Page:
(Reuters) - Starbucks Corp <SBUX.O> on Thursday said Howard Schultz will step down as chief executive to focus on its high-end coffee shops as Chief Operating Officer Kevin Johnson takes over as CEO.
Starbucks signaled the change in July, saying that Schultz was moving away from day-to-day operations to focus on the development of high-end stores and long-term growth.
But the announcement on Thursday comes as investors worry that growth at the company is cooling from its red-hot levels. Starbucks shares were down 3.9 percent at $56.25 in after-market trading on Thursday.
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Schultz has been the shareholders' darling at the Seattle-based company. When he returned in 2008 for his second stint as CEO, the stock was trading below $10. Late last year it hit an all-time high above $60.
Johnson is a former technology executive who became president and chief operating officer atStarbucks in March 2015. He will take over as CEO of the company on April 3, 2017, Starbuckssaid in a statement.
Johnson has been on the Starbucks board since 2009 but most of his career was in the technology industry.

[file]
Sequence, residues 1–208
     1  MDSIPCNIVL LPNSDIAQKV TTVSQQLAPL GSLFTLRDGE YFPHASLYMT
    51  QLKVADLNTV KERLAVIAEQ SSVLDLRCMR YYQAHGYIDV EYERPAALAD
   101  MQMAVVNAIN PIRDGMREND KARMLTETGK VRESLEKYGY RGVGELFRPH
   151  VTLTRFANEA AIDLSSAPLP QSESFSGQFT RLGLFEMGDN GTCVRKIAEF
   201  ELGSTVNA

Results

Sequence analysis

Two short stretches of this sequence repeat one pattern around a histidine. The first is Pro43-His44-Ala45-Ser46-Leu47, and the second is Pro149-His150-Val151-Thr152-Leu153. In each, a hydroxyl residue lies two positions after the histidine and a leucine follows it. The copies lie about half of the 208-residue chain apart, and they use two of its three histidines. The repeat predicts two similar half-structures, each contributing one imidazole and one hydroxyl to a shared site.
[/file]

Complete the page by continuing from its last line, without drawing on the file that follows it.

"Not having retail experience could be a problem over time," said Howard Penney, an analyst at Hedgeye Risk Management.
On a conference after the announcement, analysts pressed the company on timing and whether, with Schultz stepping aside, senior management still had the "merchant" gene.
"I'm not leaving the company and I'm here every day," said Schultz, adding that he will be focused on building a new franchise within Starbucks.
Store traffic at established stores fell in the last quarter, which Johnson has attributed to a change in the company's loyalty program, and Starbucks forecast a mid-single-digit rise in 2017 same-store sales.
The move increases the focus of the well-regarded Schultz on Starbucks establishing itself at the high end of coffee shops.
"Howard Schultz ... will shift his focus to innovation, design and development of StarbucksReserve Roasteries around the world, expansion of the Starbucks Reserve retail store format and the company's social impact initiatives," the company said.